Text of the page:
2) I exactly understood what you point to but how can I implement this on OpenCV? Sorry I am a total novice.

3) I guess

for (int n = 1; n < SIZE; n++) {
            if (n >= 2) {
            auto start = std::chrono::high_resolution_clock::now();
            canny_edg->detect(ImageDevArr[n], Detected_EdgesDev[n]);
            auto finish = std::chrono::high_resolution_clock::now();
            std::chrono::duration<double> elapsed_time = finish – start;
               }
        }

this will do the job done right?

Darth Revan gravatar imageDarth Revan ( 2017-04-23 01:32:25 -0500 )edit

There is also something I want to add, this was run on my laptop with given specifications first and results were like I said before. Now it was run on my desktop with specifications given below:

16 GB RAM

Intel i7-6700 CPU 3.4 GHz

NVIDIA GeForce GTX 970 GPU

and results were what I expected to see. GPU time is smaller than CPU time. Results were given below and what are the possible reasons of result differences like these between my laptop and desktop

Darth Revan gravatar imageDarth Revan ( 2017-04-23 01:33:27 -0500 )edit

GPU Time

Size: 535366 Time: 6.72341 ms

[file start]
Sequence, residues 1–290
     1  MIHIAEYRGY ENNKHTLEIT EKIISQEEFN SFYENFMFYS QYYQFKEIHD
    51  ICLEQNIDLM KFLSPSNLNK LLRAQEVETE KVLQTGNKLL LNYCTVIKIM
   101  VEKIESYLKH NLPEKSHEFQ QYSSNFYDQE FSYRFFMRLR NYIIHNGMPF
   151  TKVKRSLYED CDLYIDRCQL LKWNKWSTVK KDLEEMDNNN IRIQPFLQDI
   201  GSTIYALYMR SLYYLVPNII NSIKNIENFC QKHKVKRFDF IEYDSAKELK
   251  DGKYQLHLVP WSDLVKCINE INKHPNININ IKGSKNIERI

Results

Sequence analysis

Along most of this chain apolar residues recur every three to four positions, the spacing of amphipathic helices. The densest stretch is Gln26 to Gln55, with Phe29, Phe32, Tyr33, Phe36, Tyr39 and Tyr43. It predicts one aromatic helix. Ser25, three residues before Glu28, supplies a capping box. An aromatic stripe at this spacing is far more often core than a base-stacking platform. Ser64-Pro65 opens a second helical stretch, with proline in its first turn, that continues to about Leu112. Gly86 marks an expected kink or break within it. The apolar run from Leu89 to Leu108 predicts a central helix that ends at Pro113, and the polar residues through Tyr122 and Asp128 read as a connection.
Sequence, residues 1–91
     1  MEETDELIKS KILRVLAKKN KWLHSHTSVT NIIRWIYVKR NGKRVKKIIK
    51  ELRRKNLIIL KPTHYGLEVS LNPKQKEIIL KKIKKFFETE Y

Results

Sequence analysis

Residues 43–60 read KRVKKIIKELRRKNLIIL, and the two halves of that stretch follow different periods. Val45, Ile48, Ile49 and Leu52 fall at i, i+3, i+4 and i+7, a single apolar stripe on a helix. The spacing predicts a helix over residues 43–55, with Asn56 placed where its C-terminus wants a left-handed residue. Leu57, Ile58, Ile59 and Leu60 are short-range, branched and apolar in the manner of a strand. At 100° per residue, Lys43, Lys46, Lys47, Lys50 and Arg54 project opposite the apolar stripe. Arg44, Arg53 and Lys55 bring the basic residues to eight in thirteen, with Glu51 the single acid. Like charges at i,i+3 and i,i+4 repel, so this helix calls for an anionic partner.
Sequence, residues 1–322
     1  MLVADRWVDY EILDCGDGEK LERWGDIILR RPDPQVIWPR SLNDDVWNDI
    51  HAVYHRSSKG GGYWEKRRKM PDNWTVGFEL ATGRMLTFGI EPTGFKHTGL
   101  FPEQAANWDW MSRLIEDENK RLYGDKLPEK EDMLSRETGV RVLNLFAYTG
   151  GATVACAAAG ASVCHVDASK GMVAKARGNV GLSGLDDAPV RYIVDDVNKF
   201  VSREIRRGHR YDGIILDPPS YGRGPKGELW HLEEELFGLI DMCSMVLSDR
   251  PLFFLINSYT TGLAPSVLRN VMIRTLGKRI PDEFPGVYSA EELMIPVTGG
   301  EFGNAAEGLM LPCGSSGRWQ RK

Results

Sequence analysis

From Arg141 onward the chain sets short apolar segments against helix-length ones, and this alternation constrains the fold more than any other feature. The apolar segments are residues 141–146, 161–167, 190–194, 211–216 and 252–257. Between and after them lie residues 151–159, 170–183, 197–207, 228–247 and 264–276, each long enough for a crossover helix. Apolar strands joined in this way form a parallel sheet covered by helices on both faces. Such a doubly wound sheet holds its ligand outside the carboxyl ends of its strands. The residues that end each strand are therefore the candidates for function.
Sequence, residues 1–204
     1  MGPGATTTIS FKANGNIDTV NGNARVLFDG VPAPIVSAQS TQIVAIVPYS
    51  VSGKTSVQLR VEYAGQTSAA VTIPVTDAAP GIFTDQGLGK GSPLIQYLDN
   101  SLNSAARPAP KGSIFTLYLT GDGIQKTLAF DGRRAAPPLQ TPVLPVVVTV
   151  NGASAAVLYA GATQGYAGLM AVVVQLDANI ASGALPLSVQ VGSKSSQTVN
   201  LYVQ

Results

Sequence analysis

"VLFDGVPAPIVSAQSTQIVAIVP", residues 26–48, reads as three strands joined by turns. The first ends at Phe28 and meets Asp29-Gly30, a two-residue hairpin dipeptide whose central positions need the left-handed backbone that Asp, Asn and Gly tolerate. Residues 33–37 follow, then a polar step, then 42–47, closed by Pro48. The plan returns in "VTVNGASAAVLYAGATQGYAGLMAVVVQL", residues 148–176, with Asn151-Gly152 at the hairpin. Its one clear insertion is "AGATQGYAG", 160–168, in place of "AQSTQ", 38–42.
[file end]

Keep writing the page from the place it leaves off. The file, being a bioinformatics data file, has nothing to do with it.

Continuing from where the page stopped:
Size: 1204050 Time: 8.9964 ms

Size: 2141464 Time: 10.1835 ms

Size: 3346910 Time: 14.5982 ms

Size: 4818294 Time: 18.7926 ms

Size: 6557012 Time: 24.2421 ms

Size: 8565856 Time: 30.0094 ms

Size: 10842732 Time: 36.3906 ms

Size: 13384150 Time: 43.9781 ms

Size: 16192902 Time: 48.8068 ms

Size: 19273176 Time: 56.3619 ms

Size: 22621482 Time: 66.0788 ms

Size: 26232934 Time: 70.6756 ms

Size: 30111720 Time: 79.3919 ms

Size: 34263424 Time: 89.1915 ms

Size: 38683160 Time: 100.978 ms

Size: 43364646 Time: 112.416 ms

Size: 48313466 Time: 123.697 ms

Darth Revan gravatar imageDarth Revan ( 2017-04-23 01:33:52 -0500 )edit

CPU Time

Size: 535366 Time: 6.62997 ms

Size: 1204050 Time: 9.85992 ms

Size: 2141464 Time: 13.6559 ms

Size: 3346910 Time: 19.8349 ms

Size: 4818294 Time: 27.9398 ms

Size: 6557012 Time: 35.1151 ms

Size: 8565856 Time: 42.5579 ms

Size: 10842732 Time: 50.725 ms

Size: 13384150 Time: 62.5316 ms

Size: 16192902 Time: 76.4147 ms

Size: 19273176 Time: 96.0429 ms

Size: 22621482 Time: 118.537 ms

Size: 26232934 Time: 120.848 ms

Size: 30111720 Time: 151.584 ms

Size: 34263424 Time: 178.844 ms

Size: 38683160 Time: 183.334 ms

Size: 43364646 Time: 210.917 ms